JADOO Street Magic From India in Melbourne on 25th Oct 2016


Join the Australia India Institute and the Festival of India in welcoming three of India’s renowned street magicians in a one of a kind performance. This hybrid public lecture and performance event will give you insight into the background and history of Indian street magic and it evolution over time. Following a short introduction you will be treated to a 30min magic performance which will be followed by a question and answer session.

Rahman Shah is a street magician who brings alive the ancient tradition of ‘majak’ (magic) from India which used to involve a travelling group of artists and performers interacting with audiences and creating a bond of mythology and culture in their wake. Rahman, who performs along with his two aides, has a repertoire of tricks involving interactive and participatory magic which are immensely popular.

Not only has Rahman performed at Dubai, Tanzania, Burkina Faso and Turkmenistan, he has also featured in an inspiring documentary “Tomorrow We Disappear” on fading artistry and the tenacity of tradition by filmmakers Adam Weber and Jimmy Goldblum,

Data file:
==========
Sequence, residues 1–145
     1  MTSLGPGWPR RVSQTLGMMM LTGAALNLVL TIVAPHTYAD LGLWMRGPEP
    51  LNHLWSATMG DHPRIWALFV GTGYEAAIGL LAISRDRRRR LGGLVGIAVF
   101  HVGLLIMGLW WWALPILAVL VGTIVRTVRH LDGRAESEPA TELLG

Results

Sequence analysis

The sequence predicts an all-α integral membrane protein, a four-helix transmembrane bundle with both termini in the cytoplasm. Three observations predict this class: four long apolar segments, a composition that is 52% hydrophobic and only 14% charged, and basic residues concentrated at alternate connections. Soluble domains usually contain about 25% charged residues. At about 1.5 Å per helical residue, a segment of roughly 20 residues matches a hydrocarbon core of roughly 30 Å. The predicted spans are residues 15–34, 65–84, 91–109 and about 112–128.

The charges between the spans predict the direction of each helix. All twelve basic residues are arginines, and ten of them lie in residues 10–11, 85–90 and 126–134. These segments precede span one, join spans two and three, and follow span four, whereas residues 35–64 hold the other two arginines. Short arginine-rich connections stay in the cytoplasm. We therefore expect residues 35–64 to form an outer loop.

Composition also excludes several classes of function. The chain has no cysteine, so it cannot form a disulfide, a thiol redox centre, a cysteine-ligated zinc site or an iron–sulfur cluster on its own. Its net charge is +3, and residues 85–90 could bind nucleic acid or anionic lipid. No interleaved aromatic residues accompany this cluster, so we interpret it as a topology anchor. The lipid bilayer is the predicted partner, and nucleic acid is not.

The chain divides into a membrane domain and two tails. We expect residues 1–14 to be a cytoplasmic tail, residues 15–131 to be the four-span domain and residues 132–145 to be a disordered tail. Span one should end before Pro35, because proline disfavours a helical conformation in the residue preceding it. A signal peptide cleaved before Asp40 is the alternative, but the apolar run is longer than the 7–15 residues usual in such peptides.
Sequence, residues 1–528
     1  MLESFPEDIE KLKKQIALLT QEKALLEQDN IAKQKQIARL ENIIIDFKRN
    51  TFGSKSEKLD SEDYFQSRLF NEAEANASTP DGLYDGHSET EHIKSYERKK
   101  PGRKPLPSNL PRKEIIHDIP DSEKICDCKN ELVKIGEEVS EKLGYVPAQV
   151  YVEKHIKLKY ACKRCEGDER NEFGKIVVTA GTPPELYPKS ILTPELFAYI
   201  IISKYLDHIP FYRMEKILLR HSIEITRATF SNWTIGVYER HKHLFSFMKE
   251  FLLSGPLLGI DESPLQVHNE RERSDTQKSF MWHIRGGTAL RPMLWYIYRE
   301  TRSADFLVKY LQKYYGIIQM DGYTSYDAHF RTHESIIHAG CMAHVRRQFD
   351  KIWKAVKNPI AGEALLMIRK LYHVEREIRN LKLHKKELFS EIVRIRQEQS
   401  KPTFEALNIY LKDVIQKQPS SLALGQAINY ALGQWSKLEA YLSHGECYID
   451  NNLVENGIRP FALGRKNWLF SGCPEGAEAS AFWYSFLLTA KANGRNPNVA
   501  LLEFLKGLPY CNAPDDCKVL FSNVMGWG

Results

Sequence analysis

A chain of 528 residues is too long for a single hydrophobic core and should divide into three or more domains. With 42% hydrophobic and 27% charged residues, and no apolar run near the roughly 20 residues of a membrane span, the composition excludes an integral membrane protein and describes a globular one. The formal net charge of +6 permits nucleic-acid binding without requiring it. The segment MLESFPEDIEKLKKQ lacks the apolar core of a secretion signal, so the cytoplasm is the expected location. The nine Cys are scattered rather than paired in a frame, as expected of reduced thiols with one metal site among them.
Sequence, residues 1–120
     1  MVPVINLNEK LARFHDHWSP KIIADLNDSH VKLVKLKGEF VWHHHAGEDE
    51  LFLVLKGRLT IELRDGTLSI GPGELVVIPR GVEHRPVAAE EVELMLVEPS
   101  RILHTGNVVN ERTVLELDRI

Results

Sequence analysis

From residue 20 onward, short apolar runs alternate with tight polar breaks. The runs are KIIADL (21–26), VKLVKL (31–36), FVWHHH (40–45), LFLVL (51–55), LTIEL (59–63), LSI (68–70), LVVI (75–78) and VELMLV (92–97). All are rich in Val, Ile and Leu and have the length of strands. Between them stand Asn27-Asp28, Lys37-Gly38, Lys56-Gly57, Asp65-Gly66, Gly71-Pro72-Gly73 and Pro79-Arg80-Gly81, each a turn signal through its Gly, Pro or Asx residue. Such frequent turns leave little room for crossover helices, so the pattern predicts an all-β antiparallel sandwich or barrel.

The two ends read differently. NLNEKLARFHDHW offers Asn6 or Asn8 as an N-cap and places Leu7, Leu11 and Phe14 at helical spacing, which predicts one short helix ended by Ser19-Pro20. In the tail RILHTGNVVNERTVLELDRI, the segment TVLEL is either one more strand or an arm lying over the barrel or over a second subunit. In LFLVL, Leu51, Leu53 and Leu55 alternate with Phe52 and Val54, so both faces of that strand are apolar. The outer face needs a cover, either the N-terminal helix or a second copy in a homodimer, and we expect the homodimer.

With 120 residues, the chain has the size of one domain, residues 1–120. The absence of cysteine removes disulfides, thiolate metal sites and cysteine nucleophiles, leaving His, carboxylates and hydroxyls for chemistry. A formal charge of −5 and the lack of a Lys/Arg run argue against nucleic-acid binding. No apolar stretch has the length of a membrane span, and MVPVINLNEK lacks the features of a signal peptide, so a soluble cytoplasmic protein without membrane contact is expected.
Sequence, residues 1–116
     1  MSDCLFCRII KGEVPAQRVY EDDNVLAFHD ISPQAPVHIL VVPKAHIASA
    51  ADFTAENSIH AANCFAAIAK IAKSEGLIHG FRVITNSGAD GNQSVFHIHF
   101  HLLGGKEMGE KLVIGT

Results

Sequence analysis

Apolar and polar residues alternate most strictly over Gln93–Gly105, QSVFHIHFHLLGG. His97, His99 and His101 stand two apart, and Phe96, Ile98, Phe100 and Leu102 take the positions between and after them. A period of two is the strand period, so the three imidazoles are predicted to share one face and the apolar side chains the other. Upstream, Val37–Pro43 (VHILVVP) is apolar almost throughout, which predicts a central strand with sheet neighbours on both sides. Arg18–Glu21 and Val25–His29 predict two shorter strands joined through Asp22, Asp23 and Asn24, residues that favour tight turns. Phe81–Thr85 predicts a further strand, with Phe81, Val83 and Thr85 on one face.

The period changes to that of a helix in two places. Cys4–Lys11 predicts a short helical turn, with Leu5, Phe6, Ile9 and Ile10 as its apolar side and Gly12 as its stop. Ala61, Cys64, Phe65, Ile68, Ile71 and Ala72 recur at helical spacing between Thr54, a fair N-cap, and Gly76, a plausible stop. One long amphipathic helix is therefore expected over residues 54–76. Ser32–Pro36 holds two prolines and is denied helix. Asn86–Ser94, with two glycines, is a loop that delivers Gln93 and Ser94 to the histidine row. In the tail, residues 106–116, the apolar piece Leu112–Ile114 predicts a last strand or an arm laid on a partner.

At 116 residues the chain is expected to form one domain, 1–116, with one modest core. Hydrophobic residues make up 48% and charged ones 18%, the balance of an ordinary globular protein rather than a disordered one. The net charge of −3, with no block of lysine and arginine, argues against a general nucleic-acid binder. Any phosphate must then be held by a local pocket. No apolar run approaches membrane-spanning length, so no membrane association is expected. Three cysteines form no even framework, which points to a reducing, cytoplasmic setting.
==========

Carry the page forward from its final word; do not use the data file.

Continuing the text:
Introduction by John Zubrzycki

In May 1853, the first troupe of Indian jugglers arrived in Melbourne after a successful tour of Victoria’s Gold Fields. Newspapers described them as the ‘soothsayers of India’–their astonishing feats of sword swallowing, bullet catching, fire breathing and balancing were ‘impossible to explain’. Since then, magic has maintained its power to mystify and amaze. Conjurers and illusionists from India and Australia have entertained audiences, swapped secrets and taught each other tricks. Researcher and author John Zubrzycki will present the largely untold story of how magic left an indelible mark on the popular culture of both countries.

John Zubrzycki is a PhD candidate at the University of NSW researching historical links between Indian and Western stage magicians. He has worked in India as a foreign correspondent, diplomat, consultant and tour guide. He is the author of The Last Nizam: An Indian Prince in the Australian Outback, which was a best-seller in Australia and India where it is still in print.  His latest book The Mysterious Mr Jacob: Diamond Merchant, Magician and Spy was named one of the best books on India in 2012 by The Wall Street Journal. He has a degree in South Asian history and Hindi from the Australian National University, and until 2013 was deputy foreign editor at The Australian newspaper in Sydney. In May 2016 he was the first Incoming Leaders Fellow at the Australia India Institute in New Delhi.

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